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Glassblowing

Glassblowing is a glassforming technique that involves inflating molten glass into a bubble with the aid of a blowpipe. A person who blows glass is called a glassblower, glassmith, or gaffer. A lampworker manipulates glass with the use of a torch ...

                                               

Glasswort

The glassworts are various succulent, annual halophytes plants, that is, plants that thrive in saline environments, such as seacoasts and salt marshes. The original English glasswort plants belong to the genus Salicornia, but today the glassworts ...

                                               

Thomas Glazier

Thomas Glazier of Oxford was a master glazier active in England during the late 14th and early 15th century; he is one of the earliest identifiable stained glass artists, and is considered a leading proponent of the International Gothic style.

                                               

Harry Clarke – Darkness in Light

Filmmaker John J Doherty traces the life and work of the Irish artist, book illustrator and stained glass artist Harry Clarke 1889–1931 with major contributions from his biographer Nicola Gordon Bowe as well as many stained glass artists, poets a ...

                                               

Hebron glass

Hebron Glass refers to glass produced in Hebron as part of a flourishing art industry established in the city during Roman rule in Palestine. The Old City of Hebron still contains a quarter named the "Glass-Blower Quarter" and Hebron glass contin ...

                                               

Hedwig glass

Hedwig glasses or Hedwig beakers are a type of glass beaker originating in the Middle East or Norman Sicily and dating from the 10th-12th centuries AD. They are named after the Silesian princess Saint Hedwig, to whom three of them are traditional ...

                                               

Hellenistic glass

Hellenistic glass was glass produced during the Hellenistic period, from the conquests of Alexander the Great to the expansion of the Roman Empire in the Mediterranean, Europe, western Asia and northern Africa. Glassmaking at this time was based ...

                                               

History of glass in sub-Saharan Africa

Due to various differences in cultural histories and environmental resources, West African nations developed glass traditions distinct from Egypt, North Africa and the rest of the world. The presence of glass in Sub-Saharan Africa mostly consists ...

                                               

History of optics

Optics began with the development of lenses by the ancient Egyptians and Mesopotamians, followed by theories on light and vision developed by ancient Greek philosophers, and the development of geometrical optics in the Greco-Roman world. The word ...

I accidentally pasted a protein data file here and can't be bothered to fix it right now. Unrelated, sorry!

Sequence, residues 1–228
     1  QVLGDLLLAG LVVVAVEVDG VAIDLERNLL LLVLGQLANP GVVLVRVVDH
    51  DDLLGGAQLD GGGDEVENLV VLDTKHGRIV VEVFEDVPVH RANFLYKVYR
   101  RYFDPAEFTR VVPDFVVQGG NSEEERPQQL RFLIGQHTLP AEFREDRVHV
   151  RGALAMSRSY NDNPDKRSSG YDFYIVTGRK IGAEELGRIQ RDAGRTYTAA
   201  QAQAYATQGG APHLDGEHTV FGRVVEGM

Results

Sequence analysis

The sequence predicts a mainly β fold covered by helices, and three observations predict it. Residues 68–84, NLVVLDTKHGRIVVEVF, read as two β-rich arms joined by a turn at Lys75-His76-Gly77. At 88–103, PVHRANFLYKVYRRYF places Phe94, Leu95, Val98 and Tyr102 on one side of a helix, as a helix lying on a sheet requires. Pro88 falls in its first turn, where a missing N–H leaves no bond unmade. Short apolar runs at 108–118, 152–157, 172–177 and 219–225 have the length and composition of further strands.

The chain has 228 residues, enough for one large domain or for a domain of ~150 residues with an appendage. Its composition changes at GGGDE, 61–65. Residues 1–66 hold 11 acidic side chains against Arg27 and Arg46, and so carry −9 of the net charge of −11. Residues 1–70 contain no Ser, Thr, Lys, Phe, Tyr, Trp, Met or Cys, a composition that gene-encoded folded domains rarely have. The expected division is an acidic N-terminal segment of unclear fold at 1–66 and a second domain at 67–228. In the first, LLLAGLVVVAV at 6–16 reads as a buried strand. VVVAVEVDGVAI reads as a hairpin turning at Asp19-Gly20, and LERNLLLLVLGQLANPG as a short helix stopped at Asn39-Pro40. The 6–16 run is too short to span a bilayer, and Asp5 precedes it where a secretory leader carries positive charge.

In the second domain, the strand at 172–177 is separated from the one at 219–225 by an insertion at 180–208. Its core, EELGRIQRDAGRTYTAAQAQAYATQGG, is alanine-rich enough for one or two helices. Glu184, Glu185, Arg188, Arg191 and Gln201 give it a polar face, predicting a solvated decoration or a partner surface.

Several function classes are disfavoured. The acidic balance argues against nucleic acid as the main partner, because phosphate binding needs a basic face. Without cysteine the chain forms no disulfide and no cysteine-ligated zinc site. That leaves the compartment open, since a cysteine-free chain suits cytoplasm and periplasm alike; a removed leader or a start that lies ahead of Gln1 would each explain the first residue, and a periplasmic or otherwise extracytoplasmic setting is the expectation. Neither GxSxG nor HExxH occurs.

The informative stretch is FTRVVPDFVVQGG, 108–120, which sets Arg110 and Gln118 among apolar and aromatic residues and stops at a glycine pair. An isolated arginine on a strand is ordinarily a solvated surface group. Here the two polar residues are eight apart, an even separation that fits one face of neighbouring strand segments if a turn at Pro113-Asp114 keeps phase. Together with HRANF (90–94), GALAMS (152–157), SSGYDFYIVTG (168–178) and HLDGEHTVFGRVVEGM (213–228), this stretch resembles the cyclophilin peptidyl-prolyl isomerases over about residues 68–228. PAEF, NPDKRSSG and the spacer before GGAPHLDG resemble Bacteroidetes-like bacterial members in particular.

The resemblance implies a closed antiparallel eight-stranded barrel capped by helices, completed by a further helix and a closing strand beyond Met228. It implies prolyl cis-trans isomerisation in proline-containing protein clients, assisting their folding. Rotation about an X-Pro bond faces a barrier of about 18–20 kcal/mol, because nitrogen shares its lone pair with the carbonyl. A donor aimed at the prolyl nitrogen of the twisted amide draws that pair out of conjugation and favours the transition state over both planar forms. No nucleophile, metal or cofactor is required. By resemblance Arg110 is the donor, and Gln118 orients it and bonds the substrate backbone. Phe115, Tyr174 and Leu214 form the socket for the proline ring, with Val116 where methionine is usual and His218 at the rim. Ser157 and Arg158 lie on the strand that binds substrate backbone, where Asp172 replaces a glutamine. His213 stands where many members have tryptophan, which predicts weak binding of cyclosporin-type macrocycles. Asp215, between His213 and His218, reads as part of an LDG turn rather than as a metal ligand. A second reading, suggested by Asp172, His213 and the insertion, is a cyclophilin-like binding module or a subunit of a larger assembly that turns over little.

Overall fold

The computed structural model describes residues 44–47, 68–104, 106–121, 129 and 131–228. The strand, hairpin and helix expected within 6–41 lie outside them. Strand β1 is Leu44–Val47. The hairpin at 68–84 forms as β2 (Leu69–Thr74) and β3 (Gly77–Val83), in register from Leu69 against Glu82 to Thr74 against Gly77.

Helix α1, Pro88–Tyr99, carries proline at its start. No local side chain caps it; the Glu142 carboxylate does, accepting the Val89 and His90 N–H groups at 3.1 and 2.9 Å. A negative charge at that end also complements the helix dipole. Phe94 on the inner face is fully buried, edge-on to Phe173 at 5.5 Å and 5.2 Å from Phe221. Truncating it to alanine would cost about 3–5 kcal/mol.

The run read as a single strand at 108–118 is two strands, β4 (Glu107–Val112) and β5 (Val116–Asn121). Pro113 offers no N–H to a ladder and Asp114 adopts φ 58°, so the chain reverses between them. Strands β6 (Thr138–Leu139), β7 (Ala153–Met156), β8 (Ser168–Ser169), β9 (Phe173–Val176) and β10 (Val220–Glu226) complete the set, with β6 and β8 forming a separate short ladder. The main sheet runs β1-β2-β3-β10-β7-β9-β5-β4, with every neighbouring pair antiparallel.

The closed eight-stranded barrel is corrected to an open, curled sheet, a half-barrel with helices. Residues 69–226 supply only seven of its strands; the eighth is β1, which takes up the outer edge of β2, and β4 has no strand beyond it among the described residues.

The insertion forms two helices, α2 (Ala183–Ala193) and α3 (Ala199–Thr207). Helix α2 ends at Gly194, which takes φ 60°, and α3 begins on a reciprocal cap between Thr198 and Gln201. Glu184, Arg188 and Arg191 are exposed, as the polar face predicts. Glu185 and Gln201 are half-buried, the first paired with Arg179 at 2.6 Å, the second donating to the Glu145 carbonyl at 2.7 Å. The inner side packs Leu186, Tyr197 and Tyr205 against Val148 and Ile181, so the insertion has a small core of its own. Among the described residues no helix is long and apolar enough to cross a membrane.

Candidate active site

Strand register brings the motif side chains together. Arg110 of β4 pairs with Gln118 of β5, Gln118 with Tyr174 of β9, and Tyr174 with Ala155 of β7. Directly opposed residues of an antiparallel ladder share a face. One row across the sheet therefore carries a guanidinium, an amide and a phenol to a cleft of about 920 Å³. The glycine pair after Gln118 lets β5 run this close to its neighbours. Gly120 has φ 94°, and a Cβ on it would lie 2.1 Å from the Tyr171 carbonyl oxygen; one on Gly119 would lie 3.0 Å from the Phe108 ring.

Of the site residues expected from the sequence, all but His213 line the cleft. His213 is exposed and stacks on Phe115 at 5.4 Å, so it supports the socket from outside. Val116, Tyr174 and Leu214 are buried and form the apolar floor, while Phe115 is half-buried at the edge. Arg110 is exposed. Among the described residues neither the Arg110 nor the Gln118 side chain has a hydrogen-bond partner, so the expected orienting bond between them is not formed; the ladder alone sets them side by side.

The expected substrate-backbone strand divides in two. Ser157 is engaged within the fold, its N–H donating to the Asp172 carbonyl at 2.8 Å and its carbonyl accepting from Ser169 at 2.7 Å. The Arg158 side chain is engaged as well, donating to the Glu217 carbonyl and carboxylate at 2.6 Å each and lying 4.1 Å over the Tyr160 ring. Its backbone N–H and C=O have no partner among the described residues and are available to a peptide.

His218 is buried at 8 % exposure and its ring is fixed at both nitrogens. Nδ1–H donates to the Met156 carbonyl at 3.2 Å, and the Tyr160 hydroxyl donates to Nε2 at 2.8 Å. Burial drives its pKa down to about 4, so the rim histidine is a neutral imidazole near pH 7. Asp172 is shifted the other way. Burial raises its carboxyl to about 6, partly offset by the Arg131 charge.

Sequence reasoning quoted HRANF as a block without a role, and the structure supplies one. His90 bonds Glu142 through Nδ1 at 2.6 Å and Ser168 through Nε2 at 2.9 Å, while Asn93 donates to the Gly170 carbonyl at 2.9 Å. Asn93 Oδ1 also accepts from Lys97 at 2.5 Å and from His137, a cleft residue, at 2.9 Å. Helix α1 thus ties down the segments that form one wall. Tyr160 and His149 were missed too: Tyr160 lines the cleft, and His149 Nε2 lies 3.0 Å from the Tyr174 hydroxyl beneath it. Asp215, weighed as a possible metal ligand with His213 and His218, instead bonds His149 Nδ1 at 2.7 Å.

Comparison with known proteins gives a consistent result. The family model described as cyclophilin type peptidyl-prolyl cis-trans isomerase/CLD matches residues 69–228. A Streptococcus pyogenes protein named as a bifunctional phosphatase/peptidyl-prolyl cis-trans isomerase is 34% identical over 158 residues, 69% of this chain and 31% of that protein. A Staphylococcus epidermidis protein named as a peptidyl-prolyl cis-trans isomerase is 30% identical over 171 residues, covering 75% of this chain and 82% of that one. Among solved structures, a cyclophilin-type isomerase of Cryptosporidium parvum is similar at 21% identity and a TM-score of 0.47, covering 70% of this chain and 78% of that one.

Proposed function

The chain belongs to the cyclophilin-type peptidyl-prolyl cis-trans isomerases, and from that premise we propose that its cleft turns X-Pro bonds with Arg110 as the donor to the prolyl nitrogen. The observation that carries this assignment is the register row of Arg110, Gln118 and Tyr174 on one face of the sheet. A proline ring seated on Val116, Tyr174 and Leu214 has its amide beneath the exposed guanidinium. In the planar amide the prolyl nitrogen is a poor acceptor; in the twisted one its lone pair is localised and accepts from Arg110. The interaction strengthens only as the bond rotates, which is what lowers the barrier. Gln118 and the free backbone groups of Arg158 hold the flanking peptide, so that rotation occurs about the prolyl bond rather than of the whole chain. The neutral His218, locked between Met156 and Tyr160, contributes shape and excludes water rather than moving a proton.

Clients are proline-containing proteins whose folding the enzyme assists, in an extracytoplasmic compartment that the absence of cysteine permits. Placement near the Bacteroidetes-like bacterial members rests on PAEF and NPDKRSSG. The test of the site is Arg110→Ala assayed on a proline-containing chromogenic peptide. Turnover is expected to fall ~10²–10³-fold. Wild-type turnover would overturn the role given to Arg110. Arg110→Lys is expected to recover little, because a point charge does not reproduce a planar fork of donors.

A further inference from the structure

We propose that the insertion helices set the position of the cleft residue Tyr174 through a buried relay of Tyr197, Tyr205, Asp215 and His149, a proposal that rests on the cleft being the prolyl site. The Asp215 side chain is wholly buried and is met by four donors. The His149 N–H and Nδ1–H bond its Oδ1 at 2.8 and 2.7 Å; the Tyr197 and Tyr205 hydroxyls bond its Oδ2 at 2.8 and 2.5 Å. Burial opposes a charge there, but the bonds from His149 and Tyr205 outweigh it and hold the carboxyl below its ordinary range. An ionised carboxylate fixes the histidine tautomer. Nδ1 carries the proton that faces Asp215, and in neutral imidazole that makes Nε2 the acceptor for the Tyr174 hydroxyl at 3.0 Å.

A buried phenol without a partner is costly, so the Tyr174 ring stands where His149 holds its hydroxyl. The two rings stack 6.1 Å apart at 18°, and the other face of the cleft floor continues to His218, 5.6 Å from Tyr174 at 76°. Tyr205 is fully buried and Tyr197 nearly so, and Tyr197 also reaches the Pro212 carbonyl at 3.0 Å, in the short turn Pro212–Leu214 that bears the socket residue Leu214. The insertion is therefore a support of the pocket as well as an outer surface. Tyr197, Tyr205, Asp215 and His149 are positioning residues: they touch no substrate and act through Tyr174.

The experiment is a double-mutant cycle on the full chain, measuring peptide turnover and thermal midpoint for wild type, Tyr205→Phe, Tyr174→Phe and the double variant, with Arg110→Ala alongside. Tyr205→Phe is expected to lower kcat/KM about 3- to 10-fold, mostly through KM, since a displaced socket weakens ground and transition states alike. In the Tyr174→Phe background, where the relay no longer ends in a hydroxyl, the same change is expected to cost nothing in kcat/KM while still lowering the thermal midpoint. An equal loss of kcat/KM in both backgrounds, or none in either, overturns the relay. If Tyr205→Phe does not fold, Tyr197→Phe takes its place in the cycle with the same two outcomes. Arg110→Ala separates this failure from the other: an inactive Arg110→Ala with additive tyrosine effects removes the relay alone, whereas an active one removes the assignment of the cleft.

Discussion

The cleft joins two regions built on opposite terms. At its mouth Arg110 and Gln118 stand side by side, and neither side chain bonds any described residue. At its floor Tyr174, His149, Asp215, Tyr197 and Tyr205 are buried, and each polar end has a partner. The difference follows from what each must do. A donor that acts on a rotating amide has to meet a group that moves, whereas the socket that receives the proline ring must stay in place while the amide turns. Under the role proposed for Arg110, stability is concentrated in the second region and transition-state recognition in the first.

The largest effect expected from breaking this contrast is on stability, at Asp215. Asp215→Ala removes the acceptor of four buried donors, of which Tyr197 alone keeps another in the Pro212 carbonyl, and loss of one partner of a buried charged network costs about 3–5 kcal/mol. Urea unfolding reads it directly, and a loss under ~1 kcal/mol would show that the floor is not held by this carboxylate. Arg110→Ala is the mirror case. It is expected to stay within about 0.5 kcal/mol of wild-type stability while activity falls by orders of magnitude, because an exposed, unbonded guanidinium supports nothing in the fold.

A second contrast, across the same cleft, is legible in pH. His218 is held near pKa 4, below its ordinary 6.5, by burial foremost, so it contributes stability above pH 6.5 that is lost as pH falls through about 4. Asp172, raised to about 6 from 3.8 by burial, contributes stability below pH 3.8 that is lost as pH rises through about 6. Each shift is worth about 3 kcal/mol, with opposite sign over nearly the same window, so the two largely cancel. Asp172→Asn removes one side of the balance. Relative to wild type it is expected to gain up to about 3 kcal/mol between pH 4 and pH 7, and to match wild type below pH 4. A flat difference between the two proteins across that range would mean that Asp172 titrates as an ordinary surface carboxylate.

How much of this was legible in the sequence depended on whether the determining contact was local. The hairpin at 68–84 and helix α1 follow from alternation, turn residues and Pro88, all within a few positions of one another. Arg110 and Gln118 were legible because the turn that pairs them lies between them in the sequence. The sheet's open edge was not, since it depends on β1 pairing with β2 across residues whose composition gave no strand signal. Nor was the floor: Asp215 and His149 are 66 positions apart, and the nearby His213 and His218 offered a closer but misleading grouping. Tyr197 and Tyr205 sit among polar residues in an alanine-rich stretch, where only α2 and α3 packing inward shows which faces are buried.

Hostmaster

The Hostmaster Pattern was manufactured by New Martinsville Glass Company during the 1930s. Though the line was extensive, New Martinsville Hostmaster Pattern is one of the lesser known patterns of Elegant Glass. There are no reproductions as the ...

                                               

Houghton family

Their family includes: Mundy Hepburn b. 1955, sculptor Edith Houghton Hooker 1879–1948, suffragist Arthur A. Houghton Sr. 1866–1928, son of Amory Houghton Jr, former president of Corning Glass, married Mahitbel Hollister 1867–1938 Amory Houghton ...

                                               

Charles Eamer Kempe

Charles Eamer Kempe was a Victorian designer and manufacturer of stained glass. His studios produced over 4.000 windows and also designs for altars and altar frontals, furniture and furnishings, lichgates and memorials that helped to define a lat ...

                                               

Luck of Edenhall

The "Luck of Edenhall" is a glass beaker that was made in Syria or Egypt in the middle of the 14th century, elegantly decorated with arabesques in blue, green, red and white enamel with gilding. It is now in the Victoria and Albert Museum in Lond ...

                                               

Ball jar

A Mason jar, named after John Landis Mason who first invented and patented it in 1858, is a molded glass jar used in home canning to preserve food. The jars mouth has a screw thread on its outer perimeter to accept a metal ring. The band, when sc ...

                                               

Medieval stained glass

Medieval stained glass is the coloured and painted glass of medieval Europe from the 10th century to the 16th century. For much of this period stained glass windows were the major pictorial art form, particularly in northern France, Germany and E ...

                                               

Morris & Co.

Morris, Marshall, Faulkner & Co. was a furnishings and decorative arts manufacturer and retailer founded by the artist and designer William Morris with friends from the Pre-Raphaelites. With its successor Morris & Co. the firms medieval-inspired ...

                                               

Jane Morris